First, as illustrated in FIG. 53, the coil 1050b is wound around the teeth 1054a and 1054c. The direction in which the coil 1050b is wound around the tooth 1054a and the direction in which the coil 1050b is wound around the tooth 54c are the same as each other. The teeth 1054a and 1054c are disposed being offset by 180 degrees of an angle centered on the axis line of the rotation shaft 1030.

The coil 1050a is wound around the teeth 1054b and 1054d. The direction in which the coil 1050a is wound around the tooth 54b and the direction in which the coil 1050a is wound around the tooth 54d are the same as each other. The teeth 1054b and 1054d are disposed being offset by 180 degrees of an angle centered on the axis line of the rotation shaft 1030.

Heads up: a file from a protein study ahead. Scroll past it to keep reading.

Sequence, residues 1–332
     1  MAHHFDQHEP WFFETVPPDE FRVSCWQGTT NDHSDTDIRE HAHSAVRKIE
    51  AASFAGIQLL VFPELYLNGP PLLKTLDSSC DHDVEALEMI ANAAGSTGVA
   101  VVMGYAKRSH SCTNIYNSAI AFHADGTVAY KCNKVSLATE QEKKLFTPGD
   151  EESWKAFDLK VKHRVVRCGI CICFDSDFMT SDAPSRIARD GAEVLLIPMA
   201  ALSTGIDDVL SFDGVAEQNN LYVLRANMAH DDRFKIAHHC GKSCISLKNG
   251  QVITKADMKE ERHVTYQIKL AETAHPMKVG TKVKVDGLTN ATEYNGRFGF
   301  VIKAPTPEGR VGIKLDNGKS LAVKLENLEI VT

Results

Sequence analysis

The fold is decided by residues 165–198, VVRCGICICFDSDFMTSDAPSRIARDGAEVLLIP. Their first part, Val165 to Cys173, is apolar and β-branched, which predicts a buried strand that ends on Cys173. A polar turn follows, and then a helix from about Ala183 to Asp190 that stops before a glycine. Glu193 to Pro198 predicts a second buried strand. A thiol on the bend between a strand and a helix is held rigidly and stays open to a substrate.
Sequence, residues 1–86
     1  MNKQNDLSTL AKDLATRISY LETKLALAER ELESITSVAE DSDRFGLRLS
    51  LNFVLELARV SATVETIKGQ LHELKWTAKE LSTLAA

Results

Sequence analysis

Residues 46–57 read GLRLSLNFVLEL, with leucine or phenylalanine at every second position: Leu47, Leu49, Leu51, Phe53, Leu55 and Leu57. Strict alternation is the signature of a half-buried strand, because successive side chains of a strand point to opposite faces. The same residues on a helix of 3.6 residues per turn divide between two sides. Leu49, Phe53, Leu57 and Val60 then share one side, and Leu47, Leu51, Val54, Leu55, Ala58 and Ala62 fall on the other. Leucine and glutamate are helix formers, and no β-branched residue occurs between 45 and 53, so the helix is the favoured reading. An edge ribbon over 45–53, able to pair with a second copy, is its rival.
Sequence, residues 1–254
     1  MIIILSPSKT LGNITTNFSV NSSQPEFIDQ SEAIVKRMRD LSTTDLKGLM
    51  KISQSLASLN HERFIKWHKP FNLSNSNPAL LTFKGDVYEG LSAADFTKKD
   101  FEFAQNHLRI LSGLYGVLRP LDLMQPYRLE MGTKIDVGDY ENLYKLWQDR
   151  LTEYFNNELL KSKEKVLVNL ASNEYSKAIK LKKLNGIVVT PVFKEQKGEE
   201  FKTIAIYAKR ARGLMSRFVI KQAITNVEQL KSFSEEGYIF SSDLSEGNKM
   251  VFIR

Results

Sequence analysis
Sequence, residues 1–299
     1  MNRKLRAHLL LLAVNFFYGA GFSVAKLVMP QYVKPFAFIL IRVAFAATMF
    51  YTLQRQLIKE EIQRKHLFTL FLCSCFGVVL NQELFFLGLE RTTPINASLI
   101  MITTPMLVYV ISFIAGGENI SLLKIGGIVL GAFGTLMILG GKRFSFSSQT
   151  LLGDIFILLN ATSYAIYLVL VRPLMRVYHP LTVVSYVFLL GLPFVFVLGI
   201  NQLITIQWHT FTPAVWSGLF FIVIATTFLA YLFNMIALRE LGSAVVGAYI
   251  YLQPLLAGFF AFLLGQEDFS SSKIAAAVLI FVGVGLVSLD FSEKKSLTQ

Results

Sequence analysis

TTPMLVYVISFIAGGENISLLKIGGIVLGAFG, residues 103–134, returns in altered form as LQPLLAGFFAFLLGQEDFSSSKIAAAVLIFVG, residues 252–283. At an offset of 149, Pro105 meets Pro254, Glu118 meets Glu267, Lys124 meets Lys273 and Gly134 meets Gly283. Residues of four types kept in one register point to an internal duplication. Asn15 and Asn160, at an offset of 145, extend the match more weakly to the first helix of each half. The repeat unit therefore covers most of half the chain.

The coils 1051a and 1051b of the present embodiment are rotation-driving coils which generate the rotating magnetic field for rotating the armature 1036.

In FIG. 53, in the coils 1051a and 1051b, X arrows indicate a state where the current flows toward a far side in the paper surface vertical direction, and black dots indicate a state where the current flows toward the near side in the paper surface vertical direction.

The coil 1051a is wound around the teeth 1054a and 54b. The teeth 1054a and 54b are disposed being offset by 90 degrees of an angle centered on the axis line of the rotation shaft 1030.

The coil 1051b is wound around the teeth 1054c and 1054d. The teeth 1054c and 1054d are disposed being offset by 90 degrees of an angle centered on the axis line of the rotation shaft 1030.